archibald wrote:The part of the argument from compatibilists (such as Dennett for example) which I find at least somewhat persuasive and worthy of exploration is the part which says that we have at least some greater degree of freedom (or more degrees of freedom if you like) than other entities.

So the example given is to compare us with a housefly, which will try to escape out of a room in daylight by banging against the glass of the closed window, and never implement the option to fly away from the window to get through the darkened open door behind it and so get outside via a circuitous route. Unlike us. Or maybe not unlike us. I'm not sure, since presumably sometimes houseflies 'accidentally' find the door. Though a lot of them don't and they pile up, dead, at the bottom of my window cill.


That doesn't seem to be a matter of free will. It's more like a better algorithm for route-finding. A really good algorithm would efficiently find a route out and wouldn't that information determine the action of this super-fly? Aren't we looking for the edge cases where an entity doesn't do the obvious just because it wants to do something else? A robotic fly/drone might mechanically always take the shortest route out, because that is the determined behaviour it is programmed with. It has no free will. What does it matter that it evaluated a thousand routes in the process? It you reset it to the exact same initial conditions it would make the same choice every time, but put it in nominally identical situations at some other time and it might do something different. In particular it might adapt at every attempt and 'learn'.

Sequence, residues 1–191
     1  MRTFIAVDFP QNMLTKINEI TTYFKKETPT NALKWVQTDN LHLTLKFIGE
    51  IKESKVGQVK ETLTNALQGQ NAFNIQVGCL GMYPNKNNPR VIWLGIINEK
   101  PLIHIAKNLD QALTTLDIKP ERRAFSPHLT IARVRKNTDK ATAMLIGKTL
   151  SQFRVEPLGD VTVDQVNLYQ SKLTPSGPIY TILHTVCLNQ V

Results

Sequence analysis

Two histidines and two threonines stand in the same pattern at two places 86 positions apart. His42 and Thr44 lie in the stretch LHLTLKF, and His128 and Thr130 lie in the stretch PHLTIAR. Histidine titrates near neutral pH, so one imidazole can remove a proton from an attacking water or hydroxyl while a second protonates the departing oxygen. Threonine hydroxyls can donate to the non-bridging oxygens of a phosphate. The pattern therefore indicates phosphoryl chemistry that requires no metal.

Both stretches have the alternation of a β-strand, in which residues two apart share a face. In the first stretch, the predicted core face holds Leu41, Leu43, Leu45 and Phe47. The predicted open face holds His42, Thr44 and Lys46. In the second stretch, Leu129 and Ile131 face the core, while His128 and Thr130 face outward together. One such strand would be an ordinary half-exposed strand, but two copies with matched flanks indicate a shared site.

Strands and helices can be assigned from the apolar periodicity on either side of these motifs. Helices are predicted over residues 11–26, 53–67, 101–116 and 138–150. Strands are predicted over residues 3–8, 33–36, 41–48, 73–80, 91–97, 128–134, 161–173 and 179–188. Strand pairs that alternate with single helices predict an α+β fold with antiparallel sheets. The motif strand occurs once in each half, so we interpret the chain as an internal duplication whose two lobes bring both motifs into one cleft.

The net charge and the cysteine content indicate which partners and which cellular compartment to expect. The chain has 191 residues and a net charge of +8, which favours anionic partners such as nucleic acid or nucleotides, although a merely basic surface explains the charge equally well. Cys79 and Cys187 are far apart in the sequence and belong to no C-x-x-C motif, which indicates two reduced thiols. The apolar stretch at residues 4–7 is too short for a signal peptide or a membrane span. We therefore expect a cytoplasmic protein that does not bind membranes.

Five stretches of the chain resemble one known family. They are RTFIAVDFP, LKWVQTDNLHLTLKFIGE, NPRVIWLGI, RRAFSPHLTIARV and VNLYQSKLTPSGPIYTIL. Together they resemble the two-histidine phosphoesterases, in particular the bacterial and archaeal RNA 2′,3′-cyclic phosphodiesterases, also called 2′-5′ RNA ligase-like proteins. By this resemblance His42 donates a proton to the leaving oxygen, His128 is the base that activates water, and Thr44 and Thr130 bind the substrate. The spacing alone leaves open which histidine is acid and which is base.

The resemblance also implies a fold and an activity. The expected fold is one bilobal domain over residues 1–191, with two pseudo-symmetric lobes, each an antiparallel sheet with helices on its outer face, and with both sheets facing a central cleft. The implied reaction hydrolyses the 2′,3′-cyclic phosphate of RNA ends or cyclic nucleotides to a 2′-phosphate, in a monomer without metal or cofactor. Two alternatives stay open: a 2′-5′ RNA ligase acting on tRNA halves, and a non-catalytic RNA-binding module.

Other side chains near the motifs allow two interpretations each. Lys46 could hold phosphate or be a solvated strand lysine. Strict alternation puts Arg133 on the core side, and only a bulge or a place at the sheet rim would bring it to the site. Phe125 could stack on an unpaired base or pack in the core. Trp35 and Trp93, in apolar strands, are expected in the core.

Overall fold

I hope to get back to you on this soon. Was replying to cito, not you, just now. Forgot to 'quote' his post.
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Re: Free Will

#4504  Postby GrahamH » Nov 26, 2016 4:00 pm

archibald wrote:I hope to get back to you on this soon. Was replying to cito, not you, just now. Forgot to 'quote' his post.


No problem, I jumped in there. In your own time.
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Re: Free Will

#4505  Postby archibald » Nov 26, 2016 5:32 pm

GrahamH wrote:That doesn't seem to be a matter of free will. It's more like a better algorithm for route-finding. A really good algorithm would efficiently find a route out and wouldn't that information determine the action of this super-fly? Aren't we looking for the edge cases where an entity doesn't do the obvious just because it wants to do something else? A robotic fly/drone might mechanically always take the shortest route out, because that is the determined behaviour it is programmed with. It has no free will. What does it matter that it evaluated a thousand routes in the process? It you reset it to the exact same initial conditions it would make the same choice every time, but put it in nominally identical situations at some other time and it might do something different. In particular it might adapt at every attempt and 'learn'.


I would probably agree with all of that.

I'm fine with will. We have that, as far as I'm concerned. It's just a synonym for want (or desire). I think the sticking point for me (as opposed to compatibilists) is the word 'free'. They don't seem to mind using it in situations I would mind. I guess this is because I am being idealistic.